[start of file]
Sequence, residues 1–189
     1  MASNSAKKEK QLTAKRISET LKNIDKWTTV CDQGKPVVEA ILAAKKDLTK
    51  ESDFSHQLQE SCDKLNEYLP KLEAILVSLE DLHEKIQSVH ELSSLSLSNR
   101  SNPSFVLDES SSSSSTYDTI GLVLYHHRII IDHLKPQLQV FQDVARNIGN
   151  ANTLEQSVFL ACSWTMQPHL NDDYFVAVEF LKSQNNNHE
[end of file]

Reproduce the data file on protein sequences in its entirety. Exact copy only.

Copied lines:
Sequence, residues 1–189
     1  MASNSAKKEK QLTAKRISET LKNIDKWTTV CDQGKPVVEA ILAAKKDLTK
    51  ESDFSHQLQE SCDKLNEYLP KLEAILVSLE DLHEKIQSVH ELSSLSLSNR
   101  SNPSFVLDES SSSSSTYDTI GLVLYHHRII IDHLKPQLQV FQDVARNIGN
   151  ANTLEQSVFL ACSWTMQPHL NDDYFVAVEF LKSQNNNHE